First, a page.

Tue Mar 28, 2017 4:21PM
ScotlandScotland’s First Minister Nicola Sturgeon speaking at the Scottish Parliament in Edinburgh on Tuesday, March 28, 2017. (AFP photo)
ScotlandScotland’s First Minister Nicola Sturgeon speaking at the Scottish Parliament in Edinburgh on Tuesday, March 28, 2017. (AFP photo)
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Scottish lawmakers have backed calls by Scotland’s First Minister Nicola Sturgeon for a second independence referendum to separate from the UK, just one day before London triggers two years of negotiations on withdrawing from the European Union.

Lawmakers from the Green Party joined forces with members of the Scottish National Party to back Sturgeon's controversial measure, which passed with 69 votes to 59.

The vote has triggered an official request from the UK government for talks over a Section 30 order, the legal mechanism used to transfer the powers from London to Edinburgh for a referendum, preferably in late 2018 or early 2019. 

Speaking in the semi-autonomous Scottish Parliament at the start of Tuesday’s debate, Sturgeon called on lawmakers to vote in favor of a new independence referendum.

Scotland held its first referendum in 2014, when over 55 percent of the people voted against independence.

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Talks of a new referendum gained momentum following a spat between Britain and Scotland over the UK’s withdrawal from the EU.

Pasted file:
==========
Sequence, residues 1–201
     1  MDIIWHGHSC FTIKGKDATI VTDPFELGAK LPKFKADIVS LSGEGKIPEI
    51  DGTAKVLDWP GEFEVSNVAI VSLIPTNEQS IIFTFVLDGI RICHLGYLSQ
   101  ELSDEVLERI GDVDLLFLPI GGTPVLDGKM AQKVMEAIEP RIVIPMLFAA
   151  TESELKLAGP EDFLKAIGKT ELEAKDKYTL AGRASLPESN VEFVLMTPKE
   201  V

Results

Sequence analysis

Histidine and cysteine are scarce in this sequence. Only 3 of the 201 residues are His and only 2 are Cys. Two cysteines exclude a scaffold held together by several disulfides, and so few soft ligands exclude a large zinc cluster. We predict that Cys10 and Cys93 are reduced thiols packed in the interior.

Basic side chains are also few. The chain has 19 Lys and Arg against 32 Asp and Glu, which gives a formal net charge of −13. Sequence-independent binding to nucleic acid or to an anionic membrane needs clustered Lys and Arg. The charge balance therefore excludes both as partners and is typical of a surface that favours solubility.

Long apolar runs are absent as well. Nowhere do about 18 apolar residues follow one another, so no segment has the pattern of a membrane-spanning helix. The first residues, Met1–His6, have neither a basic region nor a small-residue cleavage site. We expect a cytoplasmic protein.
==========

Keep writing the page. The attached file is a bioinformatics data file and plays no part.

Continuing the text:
Although nearly 52 percent of Britons opted to leave the bloc during the EU referendum in June last year, some 62 percent of the Scottish people voted against the decision.

Scotland's First Minister Nicola Sturgeon stands and speaks in the chamber on the second day of the 'Scotland's Choice' debate on a motion to seek the authority to hold an independence referendum, at the Scottish Parliament in Edinburgh, on March 28, 2017.  (Photo by AFP)

Sturgeon is trying to build support among the Scottish public for another independence referendum after an earlier vote was defeated in 2014.

Sturgeon said last week that she’s open to discussions on the timing of the vote if the British government presents “a clear alternative and the rationale for it.” However, she insisted that she has a mandate to call a referendum because Brexit means the status quo is no longer an option.

British Prime Minister Theresa May has repeatedly insisted that now is not the time for another independence referendum and that all efforts should be on securing the best Brexit deal for the whole of Britain after Article 50 is triggered on Wednesday.